Living with vaginismus

Wouldn’t you agree with me that a vagina is a magical place?

Plus, it is one of the cleanest places on a woman’s body,

And, we think we really know about it but what do we really know? and are we even aware of some of its complications?

Caribbean men like to say they want to “stab out a woman belly”, others will say “I want to fuck you hard” but sometimes the harder they fuck, the more the pain, the less the pleasure.

For some women, the vaginal muscles involuntarily or persistently contract when they attempt vaginal penetration.

This is called vaginismus.

vaginismus is painful

What is it?

Vaginismus is the body’s automatic reaction to the fear of some or all types of vaginal penetration.

Whenever penetration is attempted, the vaginal muscles tighten up on their own.

The thing about it is that women have no control over it.

Occasionally, women can get vaginismus even if they have previously enjoyed painless penetrative sex.

The contractions can prevent sexual intercourse or make it very painful but

It doesn’t necessarily affect their ability to get aroused and enjoy other types of sexual contact.

When does this occur?

This can happen:

  • as your partner attempts penetration
  • upon insertion of  a tampon
  • when a woman is touched near the vaginal area
  • when a woman feels burning or stinging pain during sex

Types of vaginismus

Vaginismus is classified into two types:

  • primary vaginismus: when vaginal penetration has never been achieved.
  • secondary vaginismus: when vaginal penetration was once achieved, but is no longer possible, potentially due to factors such as gynecologic surgery, trauma, or radiation.

Some women develop vaginismus even after menopause.

When estrogen levels drop, a lack of vaginal lubrication and elasticity makes intercourse painful, stressful, or impossible.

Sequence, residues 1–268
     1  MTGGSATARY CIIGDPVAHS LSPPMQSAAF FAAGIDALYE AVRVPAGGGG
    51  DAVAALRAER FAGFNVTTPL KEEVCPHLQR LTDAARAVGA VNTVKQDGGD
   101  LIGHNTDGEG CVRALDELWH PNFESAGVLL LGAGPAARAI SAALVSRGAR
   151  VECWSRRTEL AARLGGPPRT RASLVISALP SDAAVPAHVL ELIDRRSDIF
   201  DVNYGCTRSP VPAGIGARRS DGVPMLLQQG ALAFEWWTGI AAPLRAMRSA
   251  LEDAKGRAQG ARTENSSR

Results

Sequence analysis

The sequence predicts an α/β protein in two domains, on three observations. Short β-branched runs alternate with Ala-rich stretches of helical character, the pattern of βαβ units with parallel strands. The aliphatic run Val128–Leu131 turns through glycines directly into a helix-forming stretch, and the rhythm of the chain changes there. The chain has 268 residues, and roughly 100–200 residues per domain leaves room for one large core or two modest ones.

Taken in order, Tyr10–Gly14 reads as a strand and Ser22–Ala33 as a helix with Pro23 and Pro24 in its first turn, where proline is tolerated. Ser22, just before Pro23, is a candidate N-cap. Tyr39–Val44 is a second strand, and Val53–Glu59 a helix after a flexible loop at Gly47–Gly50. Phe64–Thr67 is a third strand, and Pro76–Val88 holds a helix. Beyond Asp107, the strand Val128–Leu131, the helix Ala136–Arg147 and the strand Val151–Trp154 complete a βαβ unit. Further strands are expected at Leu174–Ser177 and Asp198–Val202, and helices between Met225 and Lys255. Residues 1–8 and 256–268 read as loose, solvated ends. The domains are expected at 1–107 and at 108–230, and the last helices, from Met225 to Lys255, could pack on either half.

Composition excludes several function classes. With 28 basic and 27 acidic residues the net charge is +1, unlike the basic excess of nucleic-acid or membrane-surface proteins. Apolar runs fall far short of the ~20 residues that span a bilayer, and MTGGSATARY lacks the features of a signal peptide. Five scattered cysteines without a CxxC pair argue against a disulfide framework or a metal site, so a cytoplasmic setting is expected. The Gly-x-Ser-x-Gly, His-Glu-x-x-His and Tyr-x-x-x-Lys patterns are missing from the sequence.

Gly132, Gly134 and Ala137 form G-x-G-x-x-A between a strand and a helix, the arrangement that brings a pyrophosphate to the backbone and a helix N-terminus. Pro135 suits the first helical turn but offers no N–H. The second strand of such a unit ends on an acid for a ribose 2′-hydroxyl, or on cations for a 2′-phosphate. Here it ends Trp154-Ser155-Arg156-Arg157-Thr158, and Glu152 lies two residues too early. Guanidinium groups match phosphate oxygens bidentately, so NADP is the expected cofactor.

This can lead to vaginismus in some women.

Dyspareunia is the medical term for painful sexual intercourse and t’s often confused with vaginismus.

However, dyspareunia could be due to a cyst, pelvic inflammatory disease, or vaginal atrophy.

Causes of vaginismus

There’s not always a reason for vaginismus.
I do believe, however, that some causes that may be associated with it are:

  • past sexual abuse or trauma
  • past painful intercourse
  • emotional factors
  • fear that your vagina is too small
  • a bad first sexual experience
  • an unpleasant medical examination
  • a belief that sex is shameful or wrong
  • a painful medical condition, like thrush

In some cases, no direct cause can be found as well.

Treatment for vaginismus

Treatment usually includes education, counseling, and exercises. It can also focus on:

  • managing your feelings around penetration
  • exercises to gradually get a woman used to penetration
 
Possible treatments Details
Psychosexual therapy A type of talking therapy that aims to help you understand and change your feelings about your body and sex
Relaxation techniques Mindfulness, breathing and gentle touching exercises to help you learn to relax the vaginal muscles
Pelvic floor exercises Squeezing and releasing exercises to gain control of the vaginal muscles
Sensate focus Exercises to help with your relaxation during sex and increase your sex drive (libido)
Vaginal trainers Smooth tampon-shaped objects in different sizes to help you gradually get used to having something inserted into your vagina

I cant have sex because of vaginismus

Sex with vaginismus

The obvious solution here would be many things that we have talked about previously.

Having your partner provide stimulation and satisfaction without insertion.

Just refresh their memory with the techniques we mentioned in 8 Tips On How To Orgasm With Bartholin’s Cyst and 10 Reasons Why Fifth Base Is Awesome

Sexual dysfunction can take a toll on relationships.

It can occur in both males and females and can usually be treated.

It’s not your fault, and it’s nothing to be ashamed of.

Talking with your partner about your feelings and fears about intercourse may help you feel more relaxed.

Scheduling treatment sessions with an Intimacy Coach may be beneficial.

Using lubrication or certain sexual positions can help make sexual intercourse more comfortable.

Experiment and find out what works for you and your partner.

You can also try:

These Nipples Need Love Too

9 Things Your Partner Can Do To Your Breast During Sex

Living with vaginismus